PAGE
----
Tug of War

I felt the line go slack. It snapped in two and fell.

They can’t find her pulse.

I put a hand upon the rope and tugged. I could feel the fibers and the twine sliding through my fingertips, fraying. I gripped it, twisted it to pull her to me, or me to her. But it was only carpet. And I only lay there.

Sometimes I just want to get sick,to be sick because I miss you
Sometimes I catch myself picking up the phone to dial you
It’s unbelievable to me that you won’t be on the other end
Just a dial tone…

Sometimes I dream of you but I don’t get any sleep
Sometimes I remember what we said
sometimes I don’t
It’s inconceivable to me that I’m talking to myself
Just a dial tone…

Sometimes I think I’m going to be next
(How can I be here when you’re gone?)
Sometimes I think about the things I’m going to miss
It isn’t possible that this will all end with a dial tone.

My mouth opened (I felt my jaw move) but there was no sound. And then there was cacophony. I became a wild thing, a priestess of Cybele, my head was full of bees. I beat at the carpet, pounded it like earth and drums and felt the earth shake. And I cried, a motherless child.

I can’t find my pulse.

In this place, I was alone. I did not recognize this country, this room, this girl without her grip. Gravity abandoned me, and I drifted from my solar system into the open universe, kicked out of orbit with the dropping of the phone.

And all I could think to cry was: She’s dead.

I hovered more than walked, like some low-flying Fury. What happened? What happened? My roommates sang around me. And the chorus replied: I don’t know. I don’t know.

I had just come home. I hadn’t wanted to leave her. But she was talking, improving. She said she loved me, and she thanked me. And I left her.

I held your hand:
I have to go.
You kissed my hand:
Don’t go.
I smiled and said:
I don’t want to go.
You smiled and said:
Then don’t.
I kissed your forehead:
I have to go.
You smiled and said:
I know.
I cried in the taxi:
Let me out!
I waved to dad,
And said nothing.

I made my coffee. I got on the phone. Someone there was speaking for me, my voice, but my mind wasn’t in it. A bereavement fare, she said, if you please, from Portland to Dallas.

It was April Nineteenth. A month ago I had watched her wake up from the doctor’s coma. The first thing she did when she opened her eyes was smile. A month, and that is all it takes to make a smile turn into sand.

I made my coffee in the morning that was already her afternoon. It was Easter. It is hard to look at the world and bloom and feel Finality.

My dad was the only one at the hospital that day. We had all lived there for three months, never knowing whether the next minute, the next hour, would be the last minute or the hour when we would lose her. We galvanized our hope to steel, and moved in unison like a phalanx on her behalf. We carried her on our shoulders. We held each prognosis, each improvement and each setback, in tightly clasped hands. We held one another. I even prayed.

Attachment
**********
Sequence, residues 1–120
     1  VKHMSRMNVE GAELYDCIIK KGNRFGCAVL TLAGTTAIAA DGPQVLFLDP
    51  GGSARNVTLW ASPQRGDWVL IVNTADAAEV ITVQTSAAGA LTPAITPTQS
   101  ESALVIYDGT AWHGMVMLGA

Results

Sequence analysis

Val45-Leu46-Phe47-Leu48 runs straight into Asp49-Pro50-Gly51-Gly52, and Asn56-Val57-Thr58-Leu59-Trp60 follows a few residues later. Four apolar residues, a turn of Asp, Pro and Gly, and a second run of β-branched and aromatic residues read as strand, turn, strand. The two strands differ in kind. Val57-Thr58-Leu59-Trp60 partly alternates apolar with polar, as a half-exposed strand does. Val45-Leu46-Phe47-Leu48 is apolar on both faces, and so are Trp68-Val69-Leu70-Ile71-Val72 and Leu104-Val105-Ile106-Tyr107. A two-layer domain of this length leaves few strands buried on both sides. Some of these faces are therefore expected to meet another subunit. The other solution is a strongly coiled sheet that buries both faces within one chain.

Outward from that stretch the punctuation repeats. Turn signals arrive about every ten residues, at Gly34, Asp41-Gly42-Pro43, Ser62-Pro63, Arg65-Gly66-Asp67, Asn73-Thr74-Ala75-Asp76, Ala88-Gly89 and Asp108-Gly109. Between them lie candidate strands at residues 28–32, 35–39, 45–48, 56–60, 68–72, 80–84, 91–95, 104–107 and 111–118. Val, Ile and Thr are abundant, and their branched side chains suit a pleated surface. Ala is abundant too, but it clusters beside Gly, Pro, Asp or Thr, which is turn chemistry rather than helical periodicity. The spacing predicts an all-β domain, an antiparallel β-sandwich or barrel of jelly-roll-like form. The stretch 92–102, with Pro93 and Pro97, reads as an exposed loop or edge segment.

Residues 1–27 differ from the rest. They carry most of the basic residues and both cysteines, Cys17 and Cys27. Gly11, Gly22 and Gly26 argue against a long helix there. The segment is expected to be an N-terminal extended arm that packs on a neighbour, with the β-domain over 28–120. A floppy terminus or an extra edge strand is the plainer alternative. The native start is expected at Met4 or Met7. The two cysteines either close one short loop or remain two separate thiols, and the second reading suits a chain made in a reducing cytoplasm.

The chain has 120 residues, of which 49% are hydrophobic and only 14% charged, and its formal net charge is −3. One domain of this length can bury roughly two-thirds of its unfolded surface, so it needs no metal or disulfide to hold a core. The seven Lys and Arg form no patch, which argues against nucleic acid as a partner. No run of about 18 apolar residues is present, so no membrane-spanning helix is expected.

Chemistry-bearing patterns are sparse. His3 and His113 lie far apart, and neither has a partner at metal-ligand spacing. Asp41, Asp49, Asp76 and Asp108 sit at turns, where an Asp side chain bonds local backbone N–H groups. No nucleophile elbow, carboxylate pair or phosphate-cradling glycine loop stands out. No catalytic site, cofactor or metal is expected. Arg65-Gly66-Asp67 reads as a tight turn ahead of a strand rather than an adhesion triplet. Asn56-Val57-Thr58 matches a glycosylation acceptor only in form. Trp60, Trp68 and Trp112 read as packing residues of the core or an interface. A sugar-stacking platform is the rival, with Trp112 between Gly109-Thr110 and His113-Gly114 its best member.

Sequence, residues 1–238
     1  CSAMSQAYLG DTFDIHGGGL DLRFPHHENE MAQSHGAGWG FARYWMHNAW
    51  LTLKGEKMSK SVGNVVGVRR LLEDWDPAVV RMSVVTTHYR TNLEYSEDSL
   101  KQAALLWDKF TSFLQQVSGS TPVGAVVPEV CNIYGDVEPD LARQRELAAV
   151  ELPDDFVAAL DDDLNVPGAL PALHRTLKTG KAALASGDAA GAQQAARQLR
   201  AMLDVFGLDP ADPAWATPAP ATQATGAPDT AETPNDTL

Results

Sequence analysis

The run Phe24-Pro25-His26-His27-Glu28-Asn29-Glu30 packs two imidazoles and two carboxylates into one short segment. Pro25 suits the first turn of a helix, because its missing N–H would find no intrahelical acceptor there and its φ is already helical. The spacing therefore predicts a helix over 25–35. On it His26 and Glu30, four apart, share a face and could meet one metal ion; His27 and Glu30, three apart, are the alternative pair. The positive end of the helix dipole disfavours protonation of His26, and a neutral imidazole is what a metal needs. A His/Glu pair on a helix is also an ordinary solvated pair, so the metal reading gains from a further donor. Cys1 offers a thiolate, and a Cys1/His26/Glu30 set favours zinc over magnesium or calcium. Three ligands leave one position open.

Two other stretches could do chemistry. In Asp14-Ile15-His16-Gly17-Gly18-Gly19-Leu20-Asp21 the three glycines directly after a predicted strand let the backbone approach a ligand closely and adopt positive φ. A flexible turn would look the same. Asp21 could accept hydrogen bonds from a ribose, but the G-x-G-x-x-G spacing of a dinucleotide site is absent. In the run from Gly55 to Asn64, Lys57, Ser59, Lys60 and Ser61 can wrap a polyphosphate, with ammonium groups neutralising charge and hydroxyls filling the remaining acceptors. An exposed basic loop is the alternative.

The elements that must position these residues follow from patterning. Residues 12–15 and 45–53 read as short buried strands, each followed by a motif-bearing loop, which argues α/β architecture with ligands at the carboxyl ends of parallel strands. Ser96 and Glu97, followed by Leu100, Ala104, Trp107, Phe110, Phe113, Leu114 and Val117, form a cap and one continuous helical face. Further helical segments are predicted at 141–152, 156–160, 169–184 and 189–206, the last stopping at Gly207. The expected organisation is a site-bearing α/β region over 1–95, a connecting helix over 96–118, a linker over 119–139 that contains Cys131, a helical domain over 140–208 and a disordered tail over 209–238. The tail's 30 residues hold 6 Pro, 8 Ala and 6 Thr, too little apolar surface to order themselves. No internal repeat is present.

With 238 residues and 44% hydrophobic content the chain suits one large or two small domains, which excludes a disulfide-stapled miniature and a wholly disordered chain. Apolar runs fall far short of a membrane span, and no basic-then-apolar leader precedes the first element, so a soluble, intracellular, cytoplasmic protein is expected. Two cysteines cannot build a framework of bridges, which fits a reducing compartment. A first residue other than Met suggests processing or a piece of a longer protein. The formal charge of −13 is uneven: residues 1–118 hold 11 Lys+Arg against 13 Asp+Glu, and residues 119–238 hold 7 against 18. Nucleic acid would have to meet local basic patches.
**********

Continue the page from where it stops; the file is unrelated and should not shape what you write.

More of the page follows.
Her therapist had taught her how to speak to us through her tracheotomy tube. After three months of silence, and my many failed attempts to lip-read, we were gifted with breathy words of love, of admiration, of gratitude. “Thank you for taking care of me,” she said.

“Of course,” I had replied. “We love you. This is what love does.”

And in our armor of galvanized hope, taking a moment to catch our breath, we were caught unaware and unprepared for the ambush.

My sister and I had been at the hospital every day. We answered the phones in the ICU waiting room. We watched other families come and go, with happy endings and with sad. We came to know them, to care for them. We attended funerals like stand-ins for the Fates, balling Kleenex like yarn and trying to avoid the scissors. We provided comfort and were comforted. It could be our turn next.  This was admitted only in glances.

I wasn’t standing in the corridor to hold his hand. I was sitting downstairs having coffee, thinking about the set-back she had the day before, how her lungs must be like worn out sacks after all that time on the ventilators. One had collapsed and a tube kept it open. The tube had come out the day after I left. She wouldn’t be still; her little legs were always in motion. They had lifted her to move her back to the center of the bed when the tube came free.

All that work, all that effort, just to die on a technicality.

I wasn’t sitting in the waiting room, distracting myself with solitaire. I was walking from the living room with bare feet on a cold wood floor, thinking how the furnace always quits when it’s needed. The phone rang.

I wasn’t in the hospital, but I was there. I heard it on the phone, relayed with static sorrow.

They can’t find her pulse. She’s my life, my wife is my life. What am I going to do?


They can’t find her pulse. They’re working on her now. She’s my wife. She’s my life…

What are they saying? What are they doing?

They don’t know what happened. She won’t wake up.

Forty minutes. And I heard every word. I heard them tell him. He told me that the doctors cried, and her ventilator therapist was on his knees in the middle of the corridor.

All that work, all that effort…

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